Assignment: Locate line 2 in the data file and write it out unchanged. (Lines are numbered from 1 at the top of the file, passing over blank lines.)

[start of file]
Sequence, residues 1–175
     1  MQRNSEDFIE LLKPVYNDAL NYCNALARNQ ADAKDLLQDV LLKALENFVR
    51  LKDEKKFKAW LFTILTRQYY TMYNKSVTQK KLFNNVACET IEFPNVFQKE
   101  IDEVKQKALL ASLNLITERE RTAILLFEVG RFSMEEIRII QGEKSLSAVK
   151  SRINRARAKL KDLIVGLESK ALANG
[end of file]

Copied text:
     1  MQRNSEDFIE LLKPVYNDAL NYCNALARNQ ADAKDLLQDV LLKALENFVR